1. Providing the evidence to enable cities in the UK and internationally to adopt, target, finance and deliver economically viable low carbon development strategies

Submitting Institution

University of Leeds

Unit of Assessment

Earth Systems and Environmental Sciences

Summary Impact Type


Research Subject Area(s)

Economics: Applied Economics

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Summary of the impact

Our research on the economics of low carbon cities has impacted on energy and low carbon strategies and on investment decision-making in major UK cities including Leeds, Sheffield and Birmingham. It has also influenced guidance issued to local authorities by the Committee on Climate Change and the Department for Communities and Local Government, and has helped to embed strategies and targets for green growth in the next five-year plan for China. The research was voted one of the most transformative ideas to be presented at the UN climate negotiations in Durban in December 2011, and the approach is now being replicated in cities in India, Peru, Malaysia and Indonesia.

Underpinning research

More than half of the world's population lives in cities, more than half of all economic output comes from cities and cities are responsible for up to 70% of global carbon emissions. Cities therefore play a pivotal role in the fight against climate change. But what is the most effective and efficient way to decarbonise a city? A lack of a reliable and locally specific evidence base commonly prevents carbon reduction targets from being adopted, investments from being raised and changes from being made in the most effective or efficient ways. This slows the rate and increases the cost of their transition to a low carbon economy.

Building on his 2006 work on the relationship between economic development and the environment [1], Andrew Gouldson has carried out further research since 2009 to develop a new method of creating an evidence base to allow cities to adopt, target, finance and deliver their own low-carbon economic development strategies [2,3,4]. The research has been carried out under the auspices of the Centre for Low Carbon Futures, consisting of a consortium of universities. The research relevant to this case study was carried out at both the University of Leeds and the University of York, with the significant majority of the work (c. 80%) undertaken by Gouldson at Leeds.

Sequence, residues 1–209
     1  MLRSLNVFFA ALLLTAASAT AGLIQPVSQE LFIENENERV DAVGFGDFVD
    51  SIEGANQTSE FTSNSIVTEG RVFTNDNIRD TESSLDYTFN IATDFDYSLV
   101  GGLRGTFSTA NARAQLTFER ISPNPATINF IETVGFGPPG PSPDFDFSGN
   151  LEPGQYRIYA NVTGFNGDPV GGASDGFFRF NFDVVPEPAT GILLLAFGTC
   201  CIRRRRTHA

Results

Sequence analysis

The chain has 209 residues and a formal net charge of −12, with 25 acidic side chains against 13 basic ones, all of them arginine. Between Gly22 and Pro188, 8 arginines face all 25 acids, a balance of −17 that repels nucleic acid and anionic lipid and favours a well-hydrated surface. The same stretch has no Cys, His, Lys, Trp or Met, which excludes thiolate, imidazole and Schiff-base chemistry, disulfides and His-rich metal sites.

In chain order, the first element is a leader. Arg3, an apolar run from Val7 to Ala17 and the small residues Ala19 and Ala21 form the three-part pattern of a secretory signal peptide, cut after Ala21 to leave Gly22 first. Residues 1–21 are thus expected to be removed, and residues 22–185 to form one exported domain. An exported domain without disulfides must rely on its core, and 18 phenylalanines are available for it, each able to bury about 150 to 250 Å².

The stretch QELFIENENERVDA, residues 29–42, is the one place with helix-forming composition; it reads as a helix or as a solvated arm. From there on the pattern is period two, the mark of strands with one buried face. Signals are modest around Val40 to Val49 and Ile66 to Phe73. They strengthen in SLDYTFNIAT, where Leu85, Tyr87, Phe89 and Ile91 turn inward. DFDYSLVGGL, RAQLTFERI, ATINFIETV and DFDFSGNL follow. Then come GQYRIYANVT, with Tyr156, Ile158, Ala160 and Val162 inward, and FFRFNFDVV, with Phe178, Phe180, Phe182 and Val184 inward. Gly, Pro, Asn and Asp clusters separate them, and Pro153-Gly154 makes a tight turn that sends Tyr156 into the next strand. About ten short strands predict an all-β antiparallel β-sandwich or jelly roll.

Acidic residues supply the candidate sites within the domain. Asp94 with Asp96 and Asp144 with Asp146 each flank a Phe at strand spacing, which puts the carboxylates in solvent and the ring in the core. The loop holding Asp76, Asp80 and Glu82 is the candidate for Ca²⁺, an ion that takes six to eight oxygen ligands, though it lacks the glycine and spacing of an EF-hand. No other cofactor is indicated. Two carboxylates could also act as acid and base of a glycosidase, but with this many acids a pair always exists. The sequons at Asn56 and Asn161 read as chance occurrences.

The method has a number of key elements. First, it evaluates the performance, in both cost and carbon terms, of the thousands of low carbon options that could be applied at the local level in the domestic, commercial, industrial and transport sectors. Second, it assesses the scope for the deployment of each low carbon option in different sectors at the local level. Third, it adds up the costs and benefits of the widespread deployment of different low carbon options and it assesses the investment needs and payback periods for different levels of change. Fourth, it develops a baseline that takes into account the future impacts of on-going trends in energy use. Against this baseline, the impacts of different levels of change are added, allowing the assessment to identify the levels of cost and carbon saving that could be achieved with different levels of investment. The subsequent evidence base is detailed and robust enough to enable cities to focus their activities on the most cost- or carbon-effective options, and to secure the finances needed to invest in exploiting these.